column: Diagnosis inspires woman to be more active in multiple sclerosis community
Just a few years ago I didn’t know much about multiple sclerosis, commonly called MS. I knew people with MS including classmates and several of my parents’ friends, but it wasn’t until my own diagnosis in June of 2011 that I really came to know what MS is and how many people it affects. March 11 to 17 is national Multiple Sclerosis Awareness Week and advocates all over the country are working to get the word out about this chronic disease.
More than 18,000 people in Michigan have multiple sclerosis. MS is an autoimmune disease that attacks the central nervous system. I was an otherwise healthy 31-year-old when my immune system went haywire. My case is not uncommon because MS is a disease that is often diagnosed in people in their 20s and 30s, so its something that people like me will have to manage for most of their lives. For a disease that is so common in our state we simply don’t know enough about the causes of MS and how to stop its potentially debilitating effects.
Last week I joined the Michigan Chapter of the National MS Society to call on Congress to sustain funding for the National Institute of Health (NIH) and Congressional Directed Medical Research Program (CDMRP). These two bodies provide vital funding to stop diseases like MS in their tracks, renew lost functions, and end MS forever. Even if you don't know someone with MS, you probably do know someone who has benefitted from the health research these institutions support. NIH funds research on many different diseases such as cancer, Alzheimer's, and heart disease.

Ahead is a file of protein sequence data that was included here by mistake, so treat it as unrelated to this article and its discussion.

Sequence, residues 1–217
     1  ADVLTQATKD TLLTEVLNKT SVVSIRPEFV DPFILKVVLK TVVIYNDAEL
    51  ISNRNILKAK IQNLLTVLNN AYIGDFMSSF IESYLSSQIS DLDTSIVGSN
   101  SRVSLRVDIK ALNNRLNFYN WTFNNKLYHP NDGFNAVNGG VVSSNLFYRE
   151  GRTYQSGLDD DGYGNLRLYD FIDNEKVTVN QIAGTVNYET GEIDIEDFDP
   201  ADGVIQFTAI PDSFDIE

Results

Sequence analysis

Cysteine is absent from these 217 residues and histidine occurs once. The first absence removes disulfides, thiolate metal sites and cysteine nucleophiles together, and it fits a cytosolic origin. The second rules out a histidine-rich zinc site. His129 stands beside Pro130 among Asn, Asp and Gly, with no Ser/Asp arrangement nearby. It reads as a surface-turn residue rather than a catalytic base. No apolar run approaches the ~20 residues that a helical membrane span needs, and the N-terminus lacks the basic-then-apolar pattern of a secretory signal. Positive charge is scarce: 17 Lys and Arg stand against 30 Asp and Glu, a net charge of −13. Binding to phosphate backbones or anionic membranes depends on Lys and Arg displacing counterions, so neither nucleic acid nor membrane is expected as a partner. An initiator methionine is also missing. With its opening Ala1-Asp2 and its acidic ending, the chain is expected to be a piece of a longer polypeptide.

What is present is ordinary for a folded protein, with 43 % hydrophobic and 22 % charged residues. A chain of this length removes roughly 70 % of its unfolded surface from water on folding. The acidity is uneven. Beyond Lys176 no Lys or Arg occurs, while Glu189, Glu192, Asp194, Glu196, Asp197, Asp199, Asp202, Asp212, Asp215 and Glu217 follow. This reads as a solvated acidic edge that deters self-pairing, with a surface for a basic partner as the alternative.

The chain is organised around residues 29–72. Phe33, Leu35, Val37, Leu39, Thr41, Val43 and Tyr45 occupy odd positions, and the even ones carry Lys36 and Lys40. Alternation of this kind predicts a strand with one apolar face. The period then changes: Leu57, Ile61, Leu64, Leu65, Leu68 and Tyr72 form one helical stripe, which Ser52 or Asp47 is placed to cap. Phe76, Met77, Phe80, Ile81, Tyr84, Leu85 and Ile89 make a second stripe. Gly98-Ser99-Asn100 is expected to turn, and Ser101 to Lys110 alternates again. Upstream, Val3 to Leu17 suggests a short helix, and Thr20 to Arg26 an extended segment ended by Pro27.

With the recent federal sequestration on everyone's mind in DC our visit to the capitol was well timed to remind lawmakers that funding for health related research has provided medical advances for many diseases. Nonprofit organizations like the National MS Society work with governmental bodies to strategically fund research and make sure that research efforts aren't duplicative. This is a good example of how the public and private sectors should be working together to solve tough problems.
Diseases like MS cost Americans billions of dollars a year. The average annual costs for someone with MS is $69,000 and with 400,000 people with MS in America we're talking about nearly $28 billion dollars each year. On the other hand, NIH funds many studies at institutions across Michigan, which bring in millions of research dollars each year. Funding research through NIH and CDMRP is an investment in our nation's health and prosperity.
Our US senators and representatives should sustain the funding for the NIH and CDMRP for the health and well-being of Michigan citizens with diseases like MS and for the ripple effects these research dollars have in our economy.
Rebecca Meuninck is an Ann Arbor resident and volunteer with the Michigan Chapter of the National Multiple Sclerosis Society.